Ahead of the visit of Hillary Clinton to Chennai next week, the first ever by a Secretary of State, a top US official has said this South Indian city over the years has emerged as a hub of trade, investment and people to people engagement between India and the US.
"During her trip to India, Clinton will conduct high level government to government meetings in Delhi and she would also visit Chennai," Robert D Hormats the Under Secretary of State for Economic, Energy and Agricultural Affairs said, during a panel discussion en US India relationship organized jointly by the East West Center and India US World Institute.
"This will mark the first visit by a serving US Secretary of State to Chennai which has emerged as a hub for trade, investment and people to people engagement in this thriving US Indian relationship," Hormats said.
Hormats said he is also eager to get back to Chennai, one of the cities he visited during his month-long trip to India as a graduate student in 1960s.
He hoped that Clinton, during her trip to Chennai, would be visiting the historic ruins of Mahabalipuram. "I am not sure whether she is going to get there or not.
"I hope she does. If she does not, I would be trying to wake up very early in the morning before she wakes up and go there, because it is one of the spectacular things not only in India but really in the world," he said.
Hormats said Clinton and her Indian counterpart S M Krishna launched the India-US Strategic Dialogue in 2009.
Its goal is to provide a framework and strategic direction for the huge range of bilateral government-to-government activity between the two countries, he said.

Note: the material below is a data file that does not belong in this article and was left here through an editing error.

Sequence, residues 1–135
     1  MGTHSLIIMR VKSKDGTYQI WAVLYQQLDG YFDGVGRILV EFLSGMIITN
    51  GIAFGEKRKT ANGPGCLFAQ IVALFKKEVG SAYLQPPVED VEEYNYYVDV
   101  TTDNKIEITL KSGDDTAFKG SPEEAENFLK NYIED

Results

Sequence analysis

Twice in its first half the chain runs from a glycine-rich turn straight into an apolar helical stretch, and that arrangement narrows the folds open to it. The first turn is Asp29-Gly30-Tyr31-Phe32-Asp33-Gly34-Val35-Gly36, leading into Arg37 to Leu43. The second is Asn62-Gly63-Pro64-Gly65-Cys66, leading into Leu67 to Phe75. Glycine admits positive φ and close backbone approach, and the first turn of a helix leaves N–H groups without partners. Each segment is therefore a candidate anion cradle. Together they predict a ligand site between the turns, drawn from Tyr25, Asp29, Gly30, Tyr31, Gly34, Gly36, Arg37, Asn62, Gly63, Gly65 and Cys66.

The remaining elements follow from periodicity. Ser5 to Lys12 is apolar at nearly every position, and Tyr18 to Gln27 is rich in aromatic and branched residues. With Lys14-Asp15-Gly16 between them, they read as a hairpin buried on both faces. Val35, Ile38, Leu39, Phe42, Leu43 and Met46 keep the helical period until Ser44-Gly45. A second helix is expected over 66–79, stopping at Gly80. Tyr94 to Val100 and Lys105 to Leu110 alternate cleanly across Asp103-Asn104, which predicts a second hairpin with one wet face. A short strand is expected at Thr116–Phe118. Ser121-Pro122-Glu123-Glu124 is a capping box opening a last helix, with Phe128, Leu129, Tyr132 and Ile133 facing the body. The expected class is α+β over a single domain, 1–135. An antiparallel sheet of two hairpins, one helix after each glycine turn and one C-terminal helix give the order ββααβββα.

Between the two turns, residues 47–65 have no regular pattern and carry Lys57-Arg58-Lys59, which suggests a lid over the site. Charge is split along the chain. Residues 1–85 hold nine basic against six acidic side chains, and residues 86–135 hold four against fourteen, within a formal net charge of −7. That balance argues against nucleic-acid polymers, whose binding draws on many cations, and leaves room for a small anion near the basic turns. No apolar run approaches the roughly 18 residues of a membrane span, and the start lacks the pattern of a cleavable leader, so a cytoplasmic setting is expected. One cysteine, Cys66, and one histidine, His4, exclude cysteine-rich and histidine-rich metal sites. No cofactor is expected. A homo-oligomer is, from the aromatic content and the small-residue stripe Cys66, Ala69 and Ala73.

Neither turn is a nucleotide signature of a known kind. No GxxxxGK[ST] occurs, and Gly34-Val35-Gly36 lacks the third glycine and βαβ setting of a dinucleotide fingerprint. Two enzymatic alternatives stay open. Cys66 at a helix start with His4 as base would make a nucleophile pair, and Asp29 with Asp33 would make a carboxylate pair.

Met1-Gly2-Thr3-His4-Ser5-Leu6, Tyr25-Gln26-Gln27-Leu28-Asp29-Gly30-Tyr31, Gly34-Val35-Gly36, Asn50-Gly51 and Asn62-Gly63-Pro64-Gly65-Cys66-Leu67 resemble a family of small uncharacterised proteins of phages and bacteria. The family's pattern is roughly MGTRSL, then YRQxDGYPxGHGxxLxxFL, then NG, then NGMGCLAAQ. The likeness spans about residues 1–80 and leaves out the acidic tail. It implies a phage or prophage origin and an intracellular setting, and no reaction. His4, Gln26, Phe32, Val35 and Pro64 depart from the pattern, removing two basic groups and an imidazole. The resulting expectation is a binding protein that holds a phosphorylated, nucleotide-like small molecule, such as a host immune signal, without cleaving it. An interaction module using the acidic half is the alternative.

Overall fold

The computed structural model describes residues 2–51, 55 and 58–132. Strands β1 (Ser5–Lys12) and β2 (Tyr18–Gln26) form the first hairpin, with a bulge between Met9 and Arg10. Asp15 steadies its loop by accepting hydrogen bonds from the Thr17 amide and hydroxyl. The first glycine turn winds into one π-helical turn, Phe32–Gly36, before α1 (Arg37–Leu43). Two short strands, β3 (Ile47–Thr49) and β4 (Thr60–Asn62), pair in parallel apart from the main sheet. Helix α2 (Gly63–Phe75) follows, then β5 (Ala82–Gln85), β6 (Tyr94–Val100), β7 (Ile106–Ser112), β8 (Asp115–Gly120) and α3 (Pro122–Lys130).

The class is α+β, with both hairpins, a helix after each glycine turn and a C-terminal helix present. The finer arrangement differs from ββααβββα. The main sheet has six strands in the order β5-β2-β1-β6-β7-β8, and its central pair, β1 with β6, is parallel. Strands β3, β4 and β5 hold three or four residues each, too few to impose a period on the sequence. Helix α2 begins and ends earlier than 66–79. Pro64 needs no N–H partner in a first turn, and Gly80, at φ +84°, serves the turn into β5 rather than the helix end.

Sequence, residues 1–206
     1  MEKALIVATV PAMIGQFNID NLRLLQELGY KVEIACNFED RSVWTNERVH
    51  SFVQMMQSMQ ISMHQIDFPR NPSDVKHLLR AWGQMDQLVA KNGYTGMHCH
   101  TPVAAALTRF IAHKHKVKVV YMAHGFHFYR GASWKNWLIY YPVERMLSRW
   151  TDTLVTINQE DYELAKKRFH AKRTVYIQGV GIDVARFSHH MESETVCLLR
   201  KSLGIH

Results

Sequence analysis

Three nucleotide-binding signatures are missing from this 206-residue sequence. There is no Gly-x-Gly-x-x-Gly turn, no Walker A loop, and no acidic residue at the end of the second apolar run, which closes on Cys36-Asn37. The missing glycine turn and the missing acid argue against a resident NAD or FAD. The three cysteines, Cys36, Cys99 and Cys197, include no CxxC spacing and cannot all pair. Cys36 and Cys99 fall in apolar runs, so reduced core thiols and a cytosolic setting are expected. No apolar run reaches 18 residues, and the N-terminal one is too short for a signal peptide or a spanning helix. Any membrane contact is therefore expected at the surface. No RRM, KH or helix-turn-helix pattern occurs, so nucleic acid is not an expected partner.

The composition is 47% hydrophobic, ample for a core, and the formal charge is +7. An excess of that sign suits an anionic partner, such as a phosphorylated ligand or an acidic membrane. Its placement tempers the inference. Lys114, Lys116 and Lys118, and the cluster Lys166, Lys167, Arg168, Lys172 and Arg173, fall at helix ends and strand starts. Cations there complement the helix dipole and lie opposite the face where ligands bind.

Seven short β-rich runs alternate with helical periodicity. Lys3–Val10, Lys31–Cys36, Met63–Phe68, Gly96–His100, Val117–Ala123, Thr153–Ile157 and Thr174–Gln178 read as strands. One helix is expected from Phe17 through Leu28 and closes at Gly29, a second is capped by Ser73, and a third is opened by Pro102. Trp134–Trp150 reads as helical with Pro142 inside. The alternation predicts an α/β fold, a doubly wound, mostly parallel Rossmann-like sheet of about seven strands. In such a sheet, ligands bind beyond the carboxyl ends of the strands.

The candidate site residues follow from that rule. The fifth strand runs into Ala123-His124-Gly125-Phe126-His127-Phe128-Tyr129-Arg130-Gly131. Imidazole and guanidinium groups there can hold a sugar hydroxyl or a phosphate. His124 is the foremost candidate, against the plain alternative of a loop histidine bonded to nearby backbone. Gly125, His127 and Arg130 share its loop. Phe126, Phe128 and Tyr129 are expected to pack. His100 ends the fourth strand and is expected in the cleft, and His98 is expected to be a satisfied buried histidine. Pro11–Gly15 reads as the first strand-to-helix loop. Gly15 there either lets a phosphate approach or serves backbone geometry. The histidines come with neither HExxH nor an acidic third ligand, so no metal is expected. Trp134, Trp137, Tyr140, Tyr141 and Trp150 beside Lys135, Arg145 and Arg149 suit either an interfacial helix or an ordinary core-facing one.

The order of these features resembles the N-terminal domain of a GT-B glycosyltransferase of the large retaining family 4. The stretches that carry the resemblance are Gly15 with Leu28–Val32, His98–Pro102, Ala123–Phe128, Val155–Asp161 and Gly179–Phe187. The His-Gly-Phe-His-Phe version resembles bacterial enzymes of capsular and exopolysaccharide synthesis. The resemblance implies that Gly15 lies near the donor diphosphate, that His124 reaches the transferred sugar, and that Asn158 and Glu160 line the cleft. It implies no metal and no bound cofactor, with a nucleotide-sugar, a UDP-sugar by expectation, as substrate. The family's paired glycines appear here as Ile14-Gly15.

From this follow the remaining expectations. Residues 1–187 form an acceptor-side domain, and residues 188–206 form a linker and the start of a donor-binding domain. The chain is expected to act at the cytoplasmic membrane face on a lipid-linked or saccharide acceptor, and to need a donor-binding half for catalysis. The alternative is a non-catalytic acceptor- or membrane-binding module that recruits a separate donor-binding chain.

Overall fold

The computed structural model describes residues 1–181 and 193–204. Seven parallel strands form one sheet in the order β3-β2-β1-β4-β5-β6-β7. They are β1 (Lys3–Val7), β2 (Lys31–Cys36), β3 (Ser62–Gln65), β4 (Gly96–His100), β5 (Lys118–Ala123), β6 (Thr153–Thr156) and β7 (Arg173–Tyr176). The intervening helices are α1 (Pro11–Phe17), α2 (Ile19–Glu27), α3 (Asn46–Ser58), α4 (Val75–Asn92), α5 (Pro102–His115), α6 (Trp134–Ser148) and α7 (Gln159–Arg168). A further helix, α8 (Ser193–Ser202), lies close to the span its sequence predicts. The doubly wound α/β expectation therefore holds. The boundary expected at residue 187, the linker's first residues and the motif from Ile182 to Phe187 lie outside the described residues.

The US official said trade between US and India has doubled twice in the past 10 years and it continues to grow and drive the economic partnership.
"In Delhi and Chennai, we will consider further ways to expand these (trade) numbers," he said.
Defense deals are another aspect of trade between the two countries, he said, adding that India has embarked upon a military modernisation programme, which is expected to spend more than $35 billion over the next five years.
"Despite in recent disappointment, we are pleased that India continues to look to the US suppliers to facilitate its defense modernisation," he said, adding that US firms have already won defense bids worth $8 billion in past four years.
Hormats said US visas issuance to Indians are another good indicators of the thriving India-US relationship.
"For the past four years, Indians have received about half of all H-1B visas issued worldwide and more than 44 percent of all L1 inter-company transfer visas.
About 650,000 Indians travelled to the United States in 2010, an 18 per cent increase over the year 2009," he said, adding that this is in addition to the over 100,000 Indian students coming to study in US universities.
US would now like to see more Americans go to India for tourism, business and even study in Indian institutions.